Here are answers to the most common questions we receive about the Specialized Asset Sale (SAS) approach to selling a highly appreciated asset.
1. What types of assets can I sell using the SAS?
The SAS is a straightforward and effective way to defer capital gains tax due upon the sale of virtually any highly-appreciated asset, including:
- All real estate – residential, commercial, primary residence, investment property
- Businesses – including professional practices (Medical, Dental, etc.)
- Collectibles – Art, automobile, antiques, etc.
- Partnerships, Partner Buyouts, Sole Proprietorships, Corporations, and LLCs
- Contract and Mineral Rights
- Privately Held stock
- The Exceptions: dealer inventory and securities sold through a public exchange
2. Who may benefit from the SAS?
- Sellers of highly-appreciated capital assets with a minimum sale price of $1,000,000
- Sellers of appreciated assets who desire a true exit strategy
- Sellers who do not want to give their asset to charity or are limited by annuity payments
- Any seller facing a substantial tax obligation at closing from:
- Capital gain
- Cancellation of debt
- Depreciation recapture
- Expected failure of a 1031 exchange
- Pre-payment of an installment debt
3. What are the benefits of the SAS?
- Enables seller to defer capital gains tax payment for decades
- Allows seller to receive a tax-free lump sum cash payment at escrow closing nearly equivalent to sale proceeds
- Gives seller the freedom to invest lump sum in any way they choose
- Does not require seller to give their asset away to charity
- Allows seller to pay the tax decades later with inflation-adjusted dollars
The SAS allows a seller to retain money that would otherwise be paid in taxes for the year of sale and use these funds for business or investment purposes.
4. What are the SAS benefits over a 1031 Exchange?
- Provides a true exit strategy for those wanting to get out of real estate ownership
- Replacement property purchase and time-frame requirements are eliminated
- Has no “like-kind” restriction if subsequent property is purchased
- Does not compromise bargaining position because of arbitrary time limits
- Allows proceeds to be used to purchase any investment class, not just real estate
- Allows for sale of capital assets to related parties
- May rescue a failed 1031 exchange
- Can provide greater tax benefit if you choose to purchase new properties
In nearly every instance, a SAS will provide for greater flexibility, control and tax benefit than the rigid and arbitrary 1031 exchange.
5. Is the SAS 'approved' by the IRS?
In 2012 the Office of the Chief Counsel of the IRS issued a memorandum that supports the combination of steps involved which are the foundation for SAS.
- The memorandum states: “The Transaction allowed Taxpayer to take advantage of tax deferral on the Asset sale, which is a permitted result…“
The steps utilized to achieve tax deferral have been in the tax code for nearly 100 years.
Further, The SAS has been researched by numerous tax professionals who have concluded that…
- In nearly every situation, the SAS is the most tax-efficient, versatile, unentangled and profitable way to sell capital assets – whether the asset is held for business, investment or personal use.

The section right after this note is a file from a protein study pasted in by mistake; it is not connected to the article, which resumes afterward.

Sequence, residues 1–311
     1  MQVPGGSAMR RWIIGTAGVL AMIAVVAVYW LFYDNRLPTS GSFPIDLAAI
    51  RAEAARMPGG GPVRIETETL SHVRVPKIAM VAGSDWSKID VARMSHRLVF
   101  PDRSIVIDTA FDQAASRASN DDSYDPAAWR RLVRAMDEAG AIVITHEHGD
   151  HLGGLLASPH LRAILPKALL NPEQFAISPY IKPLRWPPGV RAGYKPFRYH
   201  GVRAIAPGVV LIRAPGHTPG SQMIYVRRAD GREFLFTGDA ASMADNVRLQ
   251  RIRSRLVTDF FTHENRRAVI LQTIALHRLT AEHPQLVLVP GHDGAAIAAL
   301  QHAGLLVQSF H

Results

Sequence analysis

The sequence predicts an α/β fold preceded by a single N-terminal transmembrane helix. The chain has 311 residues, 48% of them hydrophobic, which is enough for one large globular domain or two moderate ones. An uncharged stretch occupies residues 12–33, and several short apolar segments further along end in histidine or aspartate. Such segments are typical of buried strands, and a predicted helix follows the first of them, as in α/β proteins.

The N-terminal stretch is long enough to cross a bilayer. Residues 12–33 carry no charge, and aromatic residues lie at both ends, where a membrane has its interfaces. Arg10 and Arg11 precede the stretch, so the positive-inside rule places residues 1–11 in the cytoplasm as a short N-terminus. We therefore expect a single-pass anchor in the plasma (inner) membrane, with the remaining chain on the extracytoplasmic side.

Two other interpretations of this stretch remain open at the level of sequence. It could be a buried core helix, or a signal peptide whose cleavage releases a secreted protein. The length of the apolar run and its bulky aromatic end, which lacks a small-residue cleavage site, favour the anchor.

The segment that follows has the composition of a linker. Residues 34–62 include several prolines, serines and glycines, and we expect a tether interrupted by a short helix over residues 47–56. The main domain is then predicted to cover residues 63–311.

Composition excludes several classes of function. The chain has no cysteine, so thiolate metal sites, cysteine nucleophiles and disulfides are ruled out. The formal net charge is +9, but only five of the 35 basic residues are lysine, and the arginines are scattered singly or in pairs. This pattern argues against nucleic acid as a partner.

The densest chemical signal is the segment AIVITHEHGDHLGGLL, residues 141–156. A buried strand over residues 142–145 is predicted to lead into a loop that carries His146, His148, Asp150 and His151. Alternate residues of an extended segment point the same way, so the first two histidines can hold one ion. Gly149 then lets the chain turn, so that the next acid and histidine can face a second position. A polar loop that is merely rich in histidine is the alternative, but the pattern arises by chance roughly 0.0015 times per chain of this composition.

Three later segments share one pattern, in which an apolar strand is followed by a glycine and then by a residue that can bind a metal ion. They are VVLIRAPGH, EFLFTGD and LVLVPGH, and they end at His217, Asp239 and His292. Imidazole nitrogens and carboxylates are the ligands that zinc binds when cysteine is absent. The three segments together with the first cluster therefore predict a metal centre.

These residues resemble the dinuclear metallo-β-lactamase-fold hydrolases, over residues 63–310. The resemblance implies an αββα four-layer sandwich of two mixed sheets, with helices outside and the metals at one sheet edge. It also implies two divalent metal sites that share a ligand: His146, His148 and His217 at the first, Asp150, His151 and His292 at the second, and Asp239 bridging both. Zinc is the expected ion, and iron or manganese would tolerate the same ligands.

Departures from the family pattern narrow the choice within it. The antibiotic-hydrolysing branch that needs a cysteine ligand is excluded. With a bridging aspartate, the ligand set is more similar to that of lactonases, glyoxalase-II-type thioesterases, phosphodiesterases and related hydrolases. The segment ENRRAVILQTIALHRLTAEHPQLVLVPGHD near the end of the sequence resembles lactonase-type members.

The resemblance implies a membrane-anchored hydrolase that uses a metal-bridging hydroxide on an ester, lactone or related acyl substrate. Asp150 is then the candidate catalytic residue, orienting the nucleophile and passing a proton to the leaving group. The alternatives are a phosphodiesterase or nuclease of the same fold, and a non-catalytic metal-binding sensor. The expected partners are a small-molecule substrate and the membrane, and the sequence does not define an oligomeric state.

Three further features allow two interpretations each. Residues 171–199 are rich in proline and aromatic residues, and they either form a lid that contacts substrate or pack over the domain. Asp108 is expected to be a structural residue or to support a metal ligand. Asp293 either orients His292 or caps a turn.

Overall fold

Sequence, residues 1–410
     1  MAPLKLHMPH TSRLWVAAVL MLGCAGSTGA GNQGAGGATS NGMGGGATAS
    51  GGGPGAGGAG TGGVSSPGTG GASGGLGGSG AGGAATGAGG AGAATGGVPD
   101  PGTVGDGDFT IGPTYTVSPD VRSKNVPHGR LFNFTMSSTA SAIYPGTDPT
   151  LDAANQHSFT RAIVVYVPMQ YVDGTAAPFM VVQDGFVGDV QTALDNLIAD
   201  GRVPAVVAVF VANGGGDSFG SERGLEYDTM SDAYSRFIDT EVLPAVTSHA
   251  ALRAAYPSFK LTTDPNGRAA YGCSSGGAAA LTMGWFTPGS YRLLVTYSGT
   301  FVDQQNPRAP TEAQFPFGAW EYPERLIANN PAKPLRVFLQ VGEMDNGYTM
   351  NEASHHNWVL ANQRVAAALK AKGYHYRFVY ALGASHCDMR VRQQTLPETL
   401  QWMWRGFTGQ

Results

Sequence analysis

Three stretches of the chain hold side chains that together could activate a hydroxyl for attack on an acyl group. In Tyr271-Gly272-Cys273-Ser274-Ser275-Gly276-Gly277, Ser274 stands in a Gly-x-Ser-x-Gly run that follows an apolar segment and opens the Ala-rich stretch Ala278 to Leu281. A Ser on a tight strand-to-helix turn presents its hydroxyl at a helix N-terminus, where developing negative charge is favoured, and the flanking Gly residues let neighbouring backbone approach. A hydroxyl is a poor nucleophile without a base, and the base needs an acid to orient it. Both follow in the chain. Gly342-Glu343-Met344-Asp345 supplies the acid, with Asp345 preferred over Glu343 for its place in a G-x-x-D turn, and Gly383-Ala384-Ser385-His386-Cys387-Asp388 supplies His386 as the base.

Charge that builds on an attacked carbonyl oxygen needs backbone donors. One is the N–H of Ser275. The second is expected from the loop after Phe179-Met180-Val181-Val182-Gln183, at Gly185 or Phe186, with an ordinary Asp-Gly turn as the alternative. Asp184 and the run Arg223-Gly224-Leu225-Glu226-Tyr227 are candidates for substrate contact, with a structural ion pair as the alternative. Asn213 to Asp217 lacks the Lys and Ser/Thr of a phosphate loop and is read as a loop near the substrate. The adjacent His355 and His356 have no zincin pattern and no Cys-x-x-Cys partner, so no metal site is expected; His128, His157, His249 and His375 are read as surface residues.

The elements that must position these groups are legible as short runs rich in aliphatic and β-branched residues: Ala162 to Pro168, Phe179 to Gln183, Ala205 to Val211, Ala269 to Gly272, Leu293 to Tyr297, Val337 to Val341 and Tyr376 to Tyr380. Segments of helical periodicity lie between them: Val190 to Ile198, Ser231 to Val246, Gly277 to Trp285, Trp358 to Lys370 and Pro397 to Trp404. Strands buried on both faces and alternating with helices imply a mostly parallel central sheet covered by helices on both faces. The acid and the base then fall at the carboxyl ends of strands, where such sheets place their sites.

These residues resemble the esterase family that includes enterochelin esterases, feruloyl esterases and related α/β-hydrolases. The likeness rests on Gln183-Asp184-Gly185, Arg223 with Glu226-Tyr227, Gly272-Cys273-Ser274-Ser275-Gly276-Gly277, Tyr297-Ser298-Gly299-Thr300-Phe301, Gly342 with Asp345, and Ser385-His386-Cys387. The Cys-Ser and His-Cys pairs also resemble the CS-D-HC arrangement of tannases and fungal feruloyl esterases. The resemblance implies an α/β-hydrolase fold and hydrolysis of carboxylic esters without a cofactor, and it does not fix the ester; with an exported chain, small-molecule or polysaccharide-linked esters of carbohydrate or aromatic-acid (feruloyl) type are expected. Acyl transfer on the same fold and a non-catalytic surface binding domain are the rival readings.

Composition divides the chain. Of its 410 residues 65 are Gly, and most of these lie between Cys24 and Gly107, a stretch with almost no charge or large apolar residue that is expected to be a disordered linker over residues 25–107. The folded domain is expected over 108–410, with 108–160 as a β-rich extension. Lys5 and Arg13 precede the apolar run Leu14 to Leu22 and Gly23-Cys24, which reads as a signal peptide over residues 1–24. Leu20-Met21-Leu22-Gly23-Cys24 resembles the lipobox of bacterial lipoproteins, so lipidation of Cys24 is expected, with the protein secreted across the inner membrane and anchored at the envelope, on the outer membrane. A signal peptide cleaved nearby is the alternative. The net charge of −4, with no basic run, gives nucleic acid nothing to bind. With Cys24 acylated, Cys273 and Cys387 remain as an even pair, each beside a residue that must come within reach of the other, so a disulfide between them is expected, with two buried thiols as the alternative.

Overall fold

6. Why hasn't my CPA or tax attorney told me about SAS?
- Most CPAs are focused on tax law compliance, not proactive tax planning.
- With more than 72,000 pages to the active tax law today, it is not surprising that a CPA is not familiar with this tax planning approach.
- The SAS was designed more than 20 years ago by an attorney specializing in real estate and business transactions to solve a client’s capital gains tax liability regarding property that had been sold.
- Although not widely known, this planning method is a lawful and effective way to solve the tax concerns when selling property and gain greater benefit when escrow closes.
We strongly encourage you to involve your financial, accounting, tax and legal professionals in the SAS process at the earliest possible time.
7. How can I estimate my capital gains tax liability?
Each Estimator illustrates the likely result of selling a property without appropriate tax planning, providing the first part of our Tax Analysis. This is an estimate of your net sale proceeds, taxable gain, and amount of capital gains tax liability. This tax liability represents the dollar amount that might be due and payable to the government for the current tax year (non-deferred).
8. How does the SAS compare to other capital gains tax strategies?
With the SAS you are NOT required to:
- Use or form a trust, foundation or corporate entity
- Purchase insurance products
- Move money off-shore or use foreign accounts
- Endure a sometimes difficult-to-achieve transaction like that of a 1031 Exchange
- Hire new tax, legal or financial advisors
The SAS provides a seller extraordinary flexibility and control vs. being required to pay tax or follow rigid 1031 exchange rules.
9. Do you have any specific case studies showing how the SAS has helped your clients?
Download Our Free Report, Where We Show You Actual Results of Several Asset Sales Attained by Savvy Wealthy Investors
|These investors improved their financial outcomes when selling real estate|
|Business owners got more cash after selling through proper tax planning|